Frozen sperm belonging to 28 cancer patients, whose treatment may have left them sterile, has defrosted, a hospital admitted yesterday.
The incident, at Southmead Hospital in Bristol, has been blamed on a faulty freezer storage tank - one of two on the site used to store the sperm of those undergoing treatment damaging to their fertility. The unit contained sperm samples given by patients over the past 12 months. It is unknown how many of the men have lost the chance to become fathers, but an initial assessment found the sperm samples were "damaged beyond use".
Dr Tim Lewis, clinical support director for the North Bristol NHS Trust, said an internal inquiry into the incident had been launched.
"Unfortunately the initial assessment suggests that the sperm stored for 28 men have been lost or irreparably damaged by the accidental failure," Dr Lewis said.
Yesterday, the men in question were said to be furious at the hospital's handling of the situation. The relevant consultant is away on holiday, and many patients were unsure where to turn for clarification of the situation or support. The patients were told in a letter that if they wanted to discuss their concerns, a consultant would be available on either 14 or 21 August.
One of the men, who did not want to be named, said: "It's heartbreaking. We are already trying to cope with cancer and now this. They are dealing with such a precious cargo, surely it should have been protected by some back-up system or alarm?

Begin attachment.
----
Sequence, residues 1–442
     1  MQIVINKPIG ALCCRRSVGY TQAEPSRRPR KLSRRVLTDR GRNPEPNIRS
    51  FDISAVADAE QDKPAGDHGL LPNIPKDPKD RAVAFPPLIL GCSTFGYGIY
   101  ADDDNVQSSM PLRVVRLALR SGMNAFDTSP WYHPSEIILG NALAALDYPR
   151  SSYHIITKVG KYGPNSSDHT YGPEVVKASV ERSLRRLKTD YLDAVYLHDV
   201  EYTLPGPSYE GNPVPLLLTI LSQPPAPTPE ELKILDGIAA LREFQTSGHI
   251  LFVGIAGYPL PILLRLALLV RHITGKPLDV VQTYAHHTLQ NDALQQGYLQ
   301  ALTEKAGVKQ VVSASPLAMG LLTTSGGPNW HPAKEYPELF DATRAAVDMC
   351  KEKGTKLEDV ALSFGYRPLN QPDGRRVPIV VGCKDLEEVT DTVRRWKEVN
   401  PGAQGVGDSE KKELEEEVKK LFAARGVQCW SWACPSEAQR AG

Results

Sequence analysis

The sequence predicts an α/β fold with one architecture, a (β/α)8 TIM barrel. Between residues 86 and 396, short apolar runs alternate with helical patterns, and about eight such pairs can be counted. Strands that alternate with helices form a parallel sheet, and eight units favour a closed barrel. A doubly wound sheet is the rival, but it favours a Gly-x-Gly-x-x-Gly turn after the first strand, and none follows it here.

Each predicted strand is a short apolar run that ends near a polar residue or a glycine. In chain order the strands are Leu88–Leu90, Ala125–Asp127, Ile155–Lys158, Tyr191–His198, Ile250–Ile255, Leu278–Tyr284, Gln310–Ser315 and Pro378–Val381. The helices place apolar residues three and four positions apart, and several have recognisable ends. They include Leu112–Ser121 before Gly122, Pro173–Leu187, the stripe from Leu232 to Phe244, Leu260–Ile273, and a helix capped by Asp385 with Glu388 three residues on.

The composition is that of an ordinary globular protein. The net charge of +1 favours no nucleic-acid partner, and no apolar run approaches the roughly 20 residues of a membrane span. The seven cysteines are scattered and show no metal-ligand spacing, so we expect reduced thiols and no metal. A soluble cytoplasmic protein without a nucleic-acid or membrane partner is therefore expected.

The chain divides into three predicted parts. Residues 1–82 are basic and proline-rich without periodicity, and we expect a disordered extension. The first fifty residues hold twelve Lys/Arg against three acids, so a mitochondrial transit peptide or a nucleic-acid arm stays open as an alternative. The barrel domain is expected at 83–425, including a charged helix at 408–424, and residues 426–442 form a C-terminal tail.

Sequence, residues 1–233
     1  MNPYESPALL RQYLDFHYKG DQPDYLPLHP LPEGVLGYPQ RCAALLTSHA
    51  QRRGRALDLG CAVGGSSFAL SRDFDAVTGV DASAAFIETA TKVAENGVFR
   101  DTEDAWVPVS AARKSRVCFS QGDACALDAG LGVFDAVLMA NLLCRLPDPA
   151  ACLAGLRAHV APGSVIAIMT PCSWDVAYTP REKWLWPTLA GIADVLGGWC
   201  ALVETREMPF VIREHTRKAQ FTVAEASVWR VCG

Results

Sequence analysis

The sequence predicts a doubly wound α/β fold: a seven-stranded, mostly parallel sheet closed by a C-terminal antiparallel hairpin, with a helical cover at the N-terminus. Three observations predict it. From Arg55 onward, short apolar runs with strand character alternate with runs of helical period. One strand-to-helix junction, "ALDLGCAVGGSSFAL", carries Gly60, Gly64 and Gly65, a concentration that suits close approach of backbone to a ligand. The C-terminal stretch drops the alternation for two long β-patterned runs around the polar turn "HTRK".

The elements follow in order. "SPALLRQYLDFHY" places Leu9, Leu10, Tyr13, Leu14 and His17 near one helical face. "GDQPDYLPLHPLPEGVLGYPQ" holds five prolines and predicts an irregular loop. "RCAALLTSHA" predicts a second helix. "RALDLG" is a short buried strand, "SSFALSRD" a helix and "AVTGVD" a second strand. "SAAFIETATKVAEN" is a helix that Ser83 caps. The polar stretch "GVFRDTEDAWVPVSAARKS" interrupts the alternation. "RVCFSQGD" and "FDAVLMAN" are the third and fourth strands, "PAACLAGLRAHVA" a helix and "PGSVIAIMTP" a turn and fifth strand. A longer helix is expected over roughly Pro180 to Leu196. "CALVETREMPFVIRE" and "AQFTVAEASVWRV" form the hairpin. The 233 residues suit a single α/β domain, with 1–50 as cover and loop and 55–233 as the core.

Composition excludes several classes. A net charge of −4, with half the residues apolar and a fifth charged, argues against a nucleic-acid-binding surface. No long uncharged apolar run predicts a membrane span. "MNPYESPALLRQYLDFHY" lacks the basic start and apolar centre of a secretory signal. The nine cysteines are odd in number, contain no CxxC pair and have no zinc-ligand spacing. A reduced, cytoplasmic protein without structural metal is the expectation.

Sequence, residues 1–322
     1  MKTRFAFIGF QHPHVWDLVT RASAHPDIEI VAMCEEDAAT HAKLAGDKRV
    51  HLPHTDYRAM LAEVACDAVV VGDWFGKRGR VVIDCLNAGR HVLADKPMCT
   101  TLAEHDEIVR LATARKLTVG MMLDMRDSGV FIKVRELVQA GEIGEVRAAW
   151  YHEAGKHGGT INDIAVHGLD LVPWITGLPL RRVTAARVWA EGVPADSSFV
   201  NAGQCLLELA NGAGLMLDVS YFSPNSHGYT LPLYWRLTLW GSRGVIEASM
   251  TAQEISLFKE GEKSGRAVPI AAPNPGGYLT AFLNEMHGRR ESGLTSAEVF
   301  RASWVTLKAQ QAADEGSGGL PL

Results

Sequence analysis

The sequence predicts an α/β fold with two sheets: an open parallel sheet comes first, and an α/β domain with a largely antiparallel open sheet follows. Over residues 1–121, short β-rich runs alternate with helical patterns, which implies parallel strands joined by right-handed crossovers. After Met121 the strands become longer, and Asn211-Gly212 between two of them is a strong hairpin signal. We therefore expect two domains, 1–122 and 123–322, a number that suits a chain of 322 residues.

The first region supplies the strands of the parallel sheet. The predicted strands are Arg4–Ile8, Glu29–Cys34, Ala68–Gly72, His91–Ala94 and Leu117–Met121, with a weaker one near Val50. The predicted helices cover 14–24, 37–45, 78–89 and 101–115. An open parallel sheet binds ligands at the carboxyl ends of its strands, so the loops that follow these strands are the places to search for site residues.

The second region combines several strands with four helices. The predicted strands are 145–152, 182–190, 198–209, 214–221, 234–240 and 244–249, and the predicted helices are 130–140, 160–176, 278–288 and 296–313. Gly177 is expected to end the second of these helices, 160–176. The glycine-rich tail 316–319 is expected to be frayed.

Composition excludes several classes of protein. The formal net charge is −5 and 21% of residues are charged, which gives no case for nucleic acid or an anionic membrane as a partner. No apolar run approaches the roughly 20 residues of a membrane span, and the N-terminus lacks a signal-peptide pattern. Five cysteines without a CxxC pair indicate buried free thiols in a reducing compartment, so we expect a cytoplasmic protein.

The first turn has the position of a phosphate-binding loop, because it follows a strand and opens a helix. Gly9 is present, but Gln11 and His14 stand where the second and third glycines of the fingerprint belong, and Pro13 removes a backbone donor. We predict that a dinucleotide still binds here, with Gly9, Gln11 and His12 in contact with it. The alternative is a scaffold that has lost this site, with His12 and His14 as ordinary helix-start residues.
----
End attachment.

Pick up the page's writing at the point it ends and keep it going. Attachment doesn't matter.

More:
"All we've had is a letter saying sorry. They're not even offering us counselling."
Dr Lewis, however, claimed that the hospital would provide as much support as possible for the patients. "We appreciate that this is upsetting and distressing news for the men concerned," he said. "They have already had to deal with difficult and stressful treatments for their cancers. They have either been offered dates to be seen in the clinic by one of the consultant team or to discuss the implications by telephone." The men would also be offered "additional fertility testing and counselling".
The Human Fertilisation and Embryology Authority said it was treating the incident with "the utmost seriousness". An inspection team investigating the incident would be sending recommendations to all clinics to prevent future losses.
Southmead Hospital's second freezer bank, which contained sperm given by more than 400 men before July 2002, was not affected.Reuse content